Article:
Types of Dental Crowns

There are four different types of dental crowns.

  • Ceramic — These are used for restoring front teeth, and are popular in this area for their ability to blend with your natural tooth color. The crown is made of a porcelain-based material.
  • Porcelain-fused to metal – This crown provides a stronger bond than regular porcelain because it is connected to a metal structure. It’s also extremely durable.
  • Gold alloys – This crown is a mix of gold, copper and other metals. In addition to providing a strong bond to the tooth, it doesn’t fracture, nor does it wear away the tooth itself.
  • Base metal alloys – This crown is made up of non-noble metals that are highly resistant to corrosion, and make for a very strong crown. It also requires the least amount of healthy tooth to be removed prior to fitting.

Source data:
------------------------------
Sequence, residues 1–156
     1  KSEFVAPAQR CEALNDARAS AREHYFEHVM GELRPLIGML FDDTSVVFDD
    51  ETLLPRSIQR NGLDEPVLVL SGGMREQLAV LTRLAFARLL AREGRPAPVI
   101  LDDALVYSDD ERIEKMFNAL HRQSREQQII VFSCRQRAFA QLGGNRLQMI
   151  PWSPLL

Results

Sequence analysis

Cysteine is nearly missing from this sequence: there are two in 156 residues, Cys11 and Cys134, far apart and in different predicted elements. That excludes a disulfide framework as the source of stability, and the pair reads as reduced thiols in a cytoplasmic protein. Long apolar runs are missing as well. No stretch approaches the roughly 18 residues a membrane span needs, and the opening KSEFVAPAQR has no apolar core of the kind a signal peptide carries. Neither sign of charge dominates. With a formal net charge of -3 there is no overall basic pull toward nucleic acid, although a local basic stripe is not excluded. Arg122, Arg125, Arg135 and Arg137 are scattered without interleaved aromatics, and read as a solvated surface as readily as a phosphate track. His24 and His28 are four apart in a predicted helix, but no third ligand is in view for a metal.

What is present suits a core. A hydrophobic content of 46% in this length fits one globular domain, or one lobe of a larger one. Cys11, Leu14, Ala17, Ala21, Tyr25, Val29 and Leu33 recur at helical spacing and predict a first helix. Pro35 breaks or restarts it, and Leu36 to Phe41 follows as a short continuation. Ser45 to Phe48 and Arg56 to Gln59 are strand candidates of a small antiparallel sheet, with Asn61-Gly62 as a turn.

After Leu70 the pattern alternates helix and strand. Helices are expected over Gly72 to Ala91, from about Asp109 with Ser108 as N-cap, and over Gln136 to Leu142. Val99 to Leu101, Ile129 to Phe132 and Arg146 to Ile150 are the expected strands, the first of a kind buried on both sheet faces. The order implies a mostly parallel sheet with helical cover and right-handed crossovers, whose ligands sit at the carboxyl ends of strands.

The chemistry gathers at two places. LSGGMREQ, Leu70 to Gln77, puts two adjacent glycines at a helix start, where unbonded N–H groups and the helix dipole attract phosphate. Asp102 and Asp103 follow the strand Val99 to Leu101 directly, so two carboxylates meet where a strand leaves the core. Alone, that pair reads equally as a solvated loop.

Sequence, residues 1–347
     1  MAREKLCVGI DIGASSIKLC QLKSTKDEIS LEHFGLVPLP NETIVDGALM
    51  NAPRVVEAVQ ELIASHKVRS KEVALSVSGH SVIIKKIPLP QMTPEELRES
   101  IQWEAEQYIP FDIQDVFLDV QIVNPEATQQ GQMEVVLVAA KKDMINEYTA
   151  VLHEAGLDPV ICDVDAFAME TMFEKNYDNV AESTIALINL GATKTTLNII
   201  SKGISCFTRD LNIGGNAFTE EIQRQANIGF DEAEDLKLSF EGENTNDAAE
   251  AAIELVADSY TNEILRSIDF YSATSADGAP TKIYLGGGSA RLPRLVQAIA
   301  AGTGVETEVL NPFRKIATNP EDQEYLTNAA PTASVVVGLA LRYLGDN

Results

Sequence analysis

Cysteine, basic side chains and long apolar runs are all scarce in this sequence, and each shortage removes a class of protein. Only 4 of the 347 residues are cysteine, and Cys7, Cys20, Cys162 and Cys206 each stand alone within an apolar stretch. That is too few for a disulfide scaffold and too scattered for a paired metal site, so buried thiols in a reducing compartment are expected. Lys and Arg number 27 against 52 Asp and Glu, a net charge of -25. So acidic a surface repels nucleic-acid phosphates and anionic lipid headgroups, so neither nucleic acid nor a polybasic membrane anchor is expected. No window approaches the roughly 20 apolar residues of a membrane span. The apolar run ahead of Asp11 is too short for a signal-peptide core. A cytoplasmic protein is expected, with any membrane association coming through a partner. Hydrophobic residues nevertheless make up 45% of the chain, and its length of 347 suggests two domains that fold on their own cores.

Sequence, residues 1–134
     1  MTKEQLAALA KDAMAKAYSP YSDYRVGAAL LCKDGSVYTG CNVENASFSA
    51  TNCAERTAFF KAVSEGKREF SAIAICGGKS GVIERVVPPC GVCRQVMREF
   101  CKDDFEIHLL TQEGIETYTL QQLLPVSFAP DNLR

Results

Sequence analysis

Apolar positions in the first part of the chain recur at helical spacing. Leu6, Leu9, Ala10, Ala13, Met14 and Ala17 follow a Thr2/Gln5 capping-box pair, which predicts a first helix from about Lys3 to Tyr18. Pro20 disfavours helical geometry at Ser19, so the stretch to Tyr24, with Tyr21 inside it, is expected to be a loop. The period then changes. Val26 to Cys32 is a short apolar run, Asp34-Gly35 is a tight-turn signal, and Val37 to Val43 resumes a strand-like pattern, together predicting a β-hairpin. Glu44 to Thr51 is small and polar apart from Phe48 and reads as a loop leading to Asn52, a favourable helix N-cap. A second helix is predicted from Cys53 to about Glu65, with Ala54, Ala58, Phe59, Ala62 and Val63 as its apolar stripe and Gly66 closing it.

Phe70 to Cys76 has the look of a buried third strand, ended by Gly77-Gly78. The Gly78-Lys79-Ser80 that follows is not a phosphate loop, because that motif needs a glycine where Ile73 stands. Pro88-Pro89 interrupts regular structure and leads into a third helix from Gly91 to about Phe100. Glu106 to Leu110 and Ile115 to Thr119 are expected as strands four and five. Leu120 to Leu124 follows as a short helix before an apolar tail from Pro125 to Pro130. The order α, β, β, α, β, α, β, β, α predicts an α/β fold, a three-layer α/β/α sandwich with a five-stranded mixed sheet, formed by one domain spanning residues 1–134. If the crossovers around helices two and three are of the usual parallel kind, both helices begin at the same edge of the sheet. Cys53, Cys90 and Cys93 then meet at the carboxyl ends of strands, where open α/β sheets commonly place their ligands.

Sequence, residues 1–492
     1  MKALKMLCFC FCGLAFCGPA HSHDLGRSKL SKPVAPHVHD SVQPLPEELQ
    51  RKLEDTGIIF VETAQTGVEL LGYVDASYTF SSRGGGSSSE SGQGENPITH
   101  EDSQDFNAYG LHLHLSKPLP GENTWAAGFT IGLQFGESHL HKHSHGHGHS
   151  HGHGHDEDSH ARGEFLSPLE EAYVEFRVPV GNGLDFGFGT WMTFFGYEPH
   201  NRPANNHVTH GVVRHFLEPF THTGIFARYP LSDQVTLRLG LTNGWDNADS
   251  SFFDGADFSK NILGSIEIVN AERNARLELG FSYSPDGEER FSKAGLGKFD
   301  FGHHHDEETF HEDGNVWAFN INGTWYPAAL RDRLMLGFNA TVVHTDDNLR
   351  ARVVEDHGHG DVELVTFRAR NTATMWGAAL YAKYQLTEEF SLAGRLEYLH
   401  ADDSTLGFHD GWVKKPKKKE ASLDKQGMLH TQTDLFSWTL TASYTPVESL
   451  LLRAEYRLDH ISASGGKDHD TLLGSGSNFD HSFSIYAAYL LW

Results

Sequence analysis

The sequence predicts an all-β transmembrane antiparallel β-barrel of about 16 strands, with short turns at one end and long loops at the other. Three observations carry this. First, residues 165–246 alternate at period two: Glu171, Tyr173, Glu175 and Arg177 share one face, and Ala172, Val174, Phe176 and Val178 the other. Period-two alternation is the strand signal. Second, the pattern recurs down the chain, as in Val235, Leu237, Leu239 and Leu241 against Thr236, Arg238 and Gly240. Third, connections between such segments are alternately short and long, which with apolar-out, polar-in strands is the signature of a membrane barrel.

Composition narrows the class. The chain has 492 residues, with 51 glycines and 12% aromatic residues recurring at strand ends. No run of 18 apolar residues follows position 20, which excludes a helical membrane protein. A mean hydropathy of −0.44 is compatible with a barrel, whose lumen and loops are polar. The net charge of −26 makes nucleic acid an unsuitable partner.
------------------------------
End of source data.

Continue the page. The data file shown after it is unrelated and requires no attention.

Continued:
Differences Between Crown Types

The sealing ability of the all-porcelain crown depends on the filling materials and the quality of the underlying tooth, according to the American Dental Association (ADA), whereas the other three provide particularly good seals against leakage.

Durability is best in the gold and metal alloys crowns, whereas the all-porcelain crown tends to be less strong, more suseptible if it is put under enough pressure (if you grind your teeth at night, this may pose a problem). By contrast, the crown of porcelain fused to metal offers better durability. Both porcelain-based crowns are highly resistant to wear, but they can quickly aggravate opposing teeth if the adjacent surface becomes rough. Incidentally, the gold and metal alloys are resistant to wear and gentle on opposing teeth at the same time.

Though they sometimes become loose or fall out, crowns can last a lifetime if properly maintained. The best way to achieve this is through proper oral health. Brushing and flossing twice a day are your go-to methods of keeping your teeth healthy every morning and night. Use a toothbrush to keep your teeth spotless, especially your back molars. Above all, scheduling regular checkups with Dr. Jaleel is key to sustaining good oral hygiene so that you won’t have to choose from these different types of dental crowns.